More Life 101 videos at

**I found that mapping tool while listening to a presentation given at the TED conference by the head of PRI (Public Radio International), one of the big distributors of public radio programming. The presentation noted the skew of news reporting in the U.S.. The visualization of the data was fundamental in her telling the story that Americans are highly uninformed about international news. Take a look here.

Tuesday, December 16, 2008

Things I like, a list

As the holidays approach, those in the U.S. (and some places around the world) are hunkering down to pour over their family and friends' Christmas lists, Hanukkah lists (Kwanzaa lists?) to pick out "just the right thing." Gift giving isn't as central to the holidays here in México. Most families with grown children don't exchange trinkets at all. And kids, kids can expect one or two minor things under the tree (if there is a tree) on Christmas Eve, at the most. The season seems to be more about meals shared with loved ones, decorating your house, and LONG vacations from work for government employees. It's a refreshing perspective.

So I've got my own suggestion for those of you still tied to your Lists this year. Rather than share with you a slieu of the things that cry out from my greedy shopper bones, I will make you a list of things I enjoy instead. I encourage you all to participate in this kind of list making in 2008 in lieu of a catalog of things you'd like to consume (sorry, waning economy--I don't think a retail surge will save you at this point.)

1. Potato chips doubled over on themselves.
Have you seen this? You reach into the bag and find that most chips are in the shape of disks, or triangles, perhaps. There will be the lone renegade in the handful that got folded over itself pre-frying. These chips are more delicious. It's true. The fold creates a perfect pocket with which to hold spices, salt, or dip (if you're dipping). And I love them! When I pull one out of a bag, it makes me happy.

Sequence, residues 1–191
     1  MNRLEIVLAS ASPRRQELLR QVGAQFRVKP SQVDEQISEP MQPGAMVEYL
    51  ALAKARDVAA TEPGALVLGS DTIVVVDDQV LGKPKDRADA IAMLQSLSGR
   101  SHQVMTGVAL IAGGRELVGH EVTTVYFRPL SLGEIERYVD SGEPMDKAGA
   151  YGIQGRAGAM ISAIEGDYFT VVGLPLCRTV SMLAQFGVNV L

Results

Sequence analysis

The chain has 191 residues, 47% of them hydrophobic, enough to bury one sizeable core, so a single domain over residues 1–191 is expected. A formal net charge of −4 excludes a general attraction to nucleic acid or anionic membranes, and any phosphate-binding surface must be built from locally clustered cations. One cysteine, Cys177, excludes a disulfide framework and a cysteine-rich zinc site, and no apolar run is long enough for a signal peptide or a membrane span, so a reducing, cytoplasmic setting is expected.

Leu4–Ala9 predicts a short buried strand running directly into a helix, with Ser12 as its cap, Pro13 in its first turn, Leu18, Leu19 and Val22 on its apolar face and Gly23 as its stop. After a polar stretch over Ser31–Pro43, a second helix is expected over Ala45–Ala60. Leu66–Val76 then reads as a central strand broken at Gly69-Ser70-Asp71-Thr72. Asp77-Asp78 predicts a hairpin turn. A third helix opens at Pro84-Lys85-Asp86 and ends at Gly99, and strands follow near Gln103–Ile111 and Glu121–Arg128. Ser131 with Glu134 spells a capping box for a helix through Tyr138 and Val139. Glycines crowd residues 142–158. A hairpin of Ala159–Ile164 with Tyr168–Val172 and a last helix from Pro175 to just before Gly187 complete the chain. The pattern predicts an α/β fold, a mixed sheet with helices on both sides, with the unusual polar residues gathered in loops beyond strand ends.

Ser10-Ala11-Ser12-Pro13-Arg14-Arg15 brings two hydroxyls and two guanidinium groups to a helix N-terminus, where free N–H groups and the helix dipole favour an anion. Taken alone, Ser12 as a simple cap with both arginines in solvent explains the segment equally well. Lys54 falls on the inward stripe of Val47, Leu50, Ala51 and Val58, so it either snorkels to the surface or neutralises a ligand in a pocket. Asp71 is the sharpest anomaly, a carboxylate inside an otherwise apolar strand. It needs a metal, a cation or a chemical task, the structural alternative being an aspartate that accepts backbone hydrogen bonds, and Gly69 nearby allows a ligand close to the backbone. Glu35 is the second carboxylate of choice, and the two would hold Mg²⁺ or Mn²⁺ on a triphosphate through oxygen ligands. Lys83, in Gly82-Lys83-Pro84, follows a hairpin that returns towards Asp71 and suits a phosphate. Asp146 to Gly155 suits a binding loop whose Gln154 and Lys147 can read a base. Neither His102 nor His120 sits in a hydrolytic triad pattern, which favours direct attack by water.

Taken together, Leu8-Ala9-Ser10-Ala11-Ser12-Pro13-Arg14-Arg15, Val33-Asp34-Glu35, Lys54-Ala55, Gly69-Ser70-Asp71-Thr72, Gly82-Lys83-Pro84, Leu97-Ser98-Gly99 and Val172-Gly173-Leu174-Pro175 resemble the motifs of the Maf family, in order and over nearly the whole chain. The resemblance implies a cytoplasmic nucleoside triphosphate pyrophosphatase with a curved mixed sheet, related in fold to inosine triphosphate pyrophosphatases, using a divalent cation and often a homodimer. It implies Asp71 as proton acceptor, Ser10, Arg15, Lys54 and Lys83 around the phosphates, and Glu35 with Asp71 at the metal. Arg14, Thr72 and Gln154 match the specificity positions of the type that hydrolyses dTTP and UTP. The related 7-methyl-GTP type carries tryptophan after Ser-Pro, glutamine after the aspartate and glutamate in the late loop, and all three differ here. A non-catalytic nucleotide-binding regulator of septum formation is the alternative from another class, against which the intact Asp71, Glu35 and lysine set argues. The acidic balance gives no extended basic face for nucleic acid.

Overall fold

2. An afternoon shower.
I, like most, take my showers in the morning because they revive me for a day filled with work. But on the rare occasion that my schedule permits me sit around in pajamas in my home office (which happens more now than before), I get to take an afternoon shower. When a shower isn't wasted on a half-conscious brain, nor rushed through whilst preparing to go out for the evening--it's somehow more fun.

I know, an evening shower's just not as fun, is it?

3. The window seat on an airplane.
I prefer a view to leg room. I say this knowing that I'm 5'2", so it's easier for me to enjoy. But I'll wager that there are some tall window seat lovers out there! For me, it's more than merely the view. It's also that the window seat affords me the opportunity to rest my head somewhere when needing to sleep; my own personal space, if only on one side; and distance from the drink cart knocking my elbow. Having a window seat on the plane is like hunkering down into your own little rabbit warren for the duration of the flight. (This also applies to the window seat on the N/R/Q trains on the subway in NY.)